For the first time ever, scientists have determined the cosmic origin of highest-energy neutrinos. A research group led by IceCube scientist Elisa Resconi, spokesperson of the Collaborative Research Center SFB1258 at the Technical University of Munich (TUM), provides an important piece of evidence that the particles detected by the IceCube neutrino telescope at the South Pole originate from a galaxy four billion light-years away from Earth.

To rule out other origins with certainty, the team led by neutrino physicist Elisa Resconi from the Technical University of Munich and multi-wavelength...

Im Focus: Magnetic vortices: Two independent magnetic skyrmion phases discovered in a single material

For the first time a team of researchers have discovered two different phases of magnetic skyrmions in a single material. Physicists of the Technical Universities of Munich and Dresden and the University of Cologne can now better study and understand the properties of these magnetic structures, which are important for both basic research and applications.

Whirlpools are an everyday experience in a bath tub: When the water is drained a circular vortex is formed. Typically, such whirls are rather stable. Similar...

Im Focus: Breaking the bond: To take part or not?

Physicists working with Roland Wester at the University of Innsbruck have investigated if and how chemical reactions can be influenced by targeted vibrational excitation of the reactants. They were able to demonstrate that excitation with a laser beam does not affect the efficiency of a chemical exchange reaction and that the excited molecular group acts only as a spectator in the reaction.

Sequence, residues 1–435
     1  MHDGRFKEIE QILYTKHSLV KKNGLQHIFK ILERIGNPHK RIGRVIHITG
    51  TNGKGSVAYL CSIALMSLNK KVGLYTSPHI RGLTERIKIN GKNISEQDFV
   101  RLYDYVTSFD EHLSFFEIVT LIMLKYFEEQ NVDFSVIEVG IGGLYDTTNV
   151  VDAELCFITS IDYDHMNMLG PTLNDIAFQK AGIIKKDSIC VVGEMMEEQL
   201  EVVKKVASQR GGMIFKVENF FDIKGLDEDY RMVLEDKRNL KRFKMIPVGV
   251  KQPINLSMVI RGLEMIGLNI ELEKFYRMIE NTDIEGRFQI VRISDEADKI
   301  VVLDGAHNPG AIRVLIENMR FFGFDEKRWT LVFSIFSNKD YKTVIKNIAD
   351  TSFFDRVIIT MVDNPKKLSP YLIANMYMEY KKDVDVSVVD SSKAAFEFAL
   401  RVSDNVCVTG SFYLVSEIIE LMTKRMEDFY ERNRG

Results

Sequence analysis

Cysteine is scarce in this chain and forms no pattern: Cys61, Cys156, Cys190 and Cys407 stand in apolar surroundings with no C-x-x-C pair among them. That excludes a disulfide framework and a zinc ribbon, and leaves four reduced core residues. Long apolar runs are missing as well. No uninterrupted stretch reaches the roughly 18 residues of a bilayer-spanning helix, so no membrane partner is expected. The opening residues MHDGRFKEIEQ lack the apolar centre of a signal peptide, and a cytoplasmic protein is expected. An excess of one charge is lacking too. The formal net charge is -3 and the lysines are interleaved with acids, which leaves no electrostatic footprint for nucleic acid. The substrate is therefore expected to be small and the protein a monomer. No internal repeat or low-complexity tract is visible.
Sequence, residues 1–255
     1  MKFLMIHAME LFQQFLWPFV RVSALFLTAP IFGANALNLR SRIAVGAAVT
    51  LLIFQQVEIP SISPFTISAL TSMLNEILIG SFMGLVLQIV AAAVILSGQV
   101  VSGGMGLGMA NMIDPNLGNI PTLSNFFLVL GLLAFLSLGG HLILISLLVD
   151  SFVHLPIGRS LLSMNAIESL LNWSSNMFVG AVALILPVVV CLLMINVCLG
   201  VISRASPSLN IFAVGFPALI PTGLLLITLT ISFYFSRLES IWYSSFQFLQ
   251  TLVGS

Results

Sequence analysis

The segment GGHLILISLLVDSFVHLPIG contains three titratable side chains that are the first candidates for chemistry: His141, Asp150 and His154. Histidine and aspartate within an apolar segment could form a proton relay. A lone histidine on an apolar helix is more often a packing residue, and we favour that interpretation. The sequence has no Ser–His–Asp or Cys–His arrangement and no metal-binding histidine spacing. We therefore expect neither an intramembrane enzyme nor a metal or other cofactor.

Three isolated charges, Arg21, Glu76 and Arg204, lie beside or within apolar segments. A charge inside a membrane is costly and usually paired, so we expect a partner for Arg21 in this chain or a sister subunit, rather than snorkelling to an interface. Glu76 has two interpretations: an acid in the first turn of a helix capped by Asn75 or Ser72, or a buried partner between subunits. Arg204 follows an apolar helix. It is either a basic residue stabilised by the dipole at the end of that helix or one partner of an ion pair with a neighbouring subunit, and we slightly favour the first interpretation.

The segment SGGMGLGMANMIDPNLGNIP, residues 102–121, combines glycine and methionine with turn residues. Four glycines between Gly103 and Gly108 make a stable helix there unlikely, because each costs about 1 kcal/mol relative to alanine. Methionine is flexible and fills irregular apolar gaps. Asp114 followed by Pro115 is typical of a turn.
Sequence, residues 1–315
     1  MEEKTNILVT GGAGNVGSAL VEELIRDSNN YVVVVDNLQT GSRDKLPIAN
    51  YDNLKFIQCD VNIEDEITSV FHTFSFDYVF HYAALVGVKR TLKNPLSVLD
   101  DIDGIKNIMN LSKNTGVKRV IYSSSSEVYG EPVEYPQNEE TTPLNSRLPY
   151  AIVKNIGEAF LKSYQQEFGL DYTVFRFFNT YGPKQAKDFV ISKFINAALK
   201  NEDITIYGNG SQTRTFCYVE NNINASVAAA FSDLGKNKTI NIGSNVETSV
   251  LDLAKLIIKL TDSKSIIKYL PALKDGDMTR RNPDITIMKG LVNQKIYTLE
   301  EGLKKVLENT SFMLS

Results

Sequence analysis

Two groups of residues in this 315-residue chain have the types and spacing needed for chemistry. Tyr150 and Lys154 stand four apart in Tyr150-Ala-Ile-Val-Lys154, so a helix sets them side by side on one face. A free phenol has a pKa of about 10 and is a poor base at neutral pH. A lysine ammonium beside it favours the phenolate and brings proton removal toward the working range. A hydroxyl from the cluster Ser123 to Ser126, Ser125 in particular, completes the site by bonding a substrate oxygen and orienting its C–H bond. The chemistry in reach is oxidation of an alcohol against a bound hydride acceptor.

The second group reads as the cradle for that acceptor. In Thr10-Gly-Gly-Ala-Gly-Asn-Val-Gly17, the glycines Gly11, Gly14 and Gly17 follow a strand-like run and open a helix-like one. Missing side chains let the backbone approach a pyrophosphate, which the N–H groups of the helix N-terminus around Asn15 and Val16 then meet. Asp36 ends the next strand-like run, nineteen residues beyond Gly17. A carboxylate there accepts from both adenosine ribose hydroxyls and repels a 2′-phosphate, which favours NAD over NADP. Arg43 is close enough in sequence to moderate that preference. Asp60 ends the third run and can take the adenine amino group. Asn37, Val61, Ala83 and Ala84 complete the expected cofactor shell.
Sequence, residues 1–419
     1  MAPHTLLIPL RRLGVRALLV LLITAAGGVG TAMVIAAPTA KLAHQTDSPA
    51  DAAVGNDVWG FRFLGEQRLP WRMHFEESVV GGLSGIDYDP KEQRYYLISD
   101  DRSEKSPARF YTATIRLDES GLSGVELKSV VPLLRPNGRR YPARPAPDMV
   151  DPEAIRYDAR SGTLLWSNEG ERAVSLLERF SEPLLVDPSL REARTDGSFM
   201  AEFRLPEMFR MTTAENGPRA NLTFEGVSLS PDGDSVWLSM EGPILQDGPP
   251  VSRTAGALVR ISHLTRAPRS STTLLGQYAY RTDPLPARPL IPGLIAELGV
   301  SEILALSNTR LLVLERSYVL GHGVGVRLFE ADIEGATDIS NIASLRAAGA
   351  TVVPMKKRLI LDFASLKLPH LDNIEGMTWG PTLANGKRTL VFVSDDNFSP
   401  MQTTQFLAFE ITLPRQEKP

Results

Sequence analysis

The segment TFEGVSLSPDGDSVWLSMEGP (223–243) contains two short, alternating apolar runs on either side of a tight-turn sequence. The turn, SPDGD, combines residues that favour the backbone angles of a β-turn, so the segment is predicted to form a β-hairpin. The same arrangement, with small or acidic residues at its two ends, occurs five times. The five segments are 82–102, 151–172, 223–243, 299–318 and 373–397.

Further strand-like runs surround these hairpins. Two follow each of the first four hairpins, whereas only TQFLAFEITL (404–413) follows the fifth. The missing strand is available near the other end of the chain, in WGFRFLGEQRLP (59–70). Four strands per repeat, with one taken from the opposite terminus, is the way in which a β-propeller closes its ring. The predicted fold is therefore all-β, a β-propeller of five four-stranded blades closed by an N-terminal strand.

A frequently used reaction in organic chemistry is nucleophilic substitution. It plays, for example, an important role in in the synthesis of new chemical...

Im Focus: New 2D Spectroscopy Methods

Optical spectroscopy allows investigating the energy structure and dynamic properties of complex quantum systems. Researchers from the University of Würzburg present two new approaches of coherent two-dimensional spectroscopy.

"Put an excitation into the system and observe how it evolves." According to physicist Professor Tobias Brixner, this is the credo of optical spectroscopy....

Im Focus: Chemical reactions in the light of ultrashort X-ray pulses from free-electron lasers

Ultra-short, high-intensity X-ray flashes open the door to the foundations of chemical reactions. Free-electron lasers generate these kinds of pulses, but there is a catch: the pulses vary in duration and energy. An international research team has now presented a solution: Using a ring of 16 detectors and a circularly polarized laser beam, they can determine both factors with attosecond accuracy.

Free-electron lasers (FELs) generate extremely short and intense X-ray flashes. Researchers can use these flashes to resolve structures with diameters on the...

All Focus news of the innovation-report >>>

Anzeige

Anzeige

VideoLinks
Industry & Economy
Event News

Leading experts in Diabetes, Metabolism and Biomedical Engineering discuss Precision Medicine

13.07.2018 | Event News

Conference on Laser Polishing – LaP: Fine Tuning for Surfaces

12.07.2018 | Event News

11th European Wood-based Panel Symposium 2018: Meeting point for the wood-based materials industry

03.07.2018 | Event News

 
Latest News

Subaru Telescope helps pinpoint origin of ultra-high energy neutrino

16.07.2018 | Physics and Astronomy

Barium ruthenate: A high-yield, easy-to-handle perovskite catalyst for the oxidation of sulfides

16.07.2018 | Life Sciences

New research calculates capacity of North American forests to sequester carbon

16.07.2018 | Earth Sciences

VideoLinks
Science & Research
Overview of more VideoLinks >>>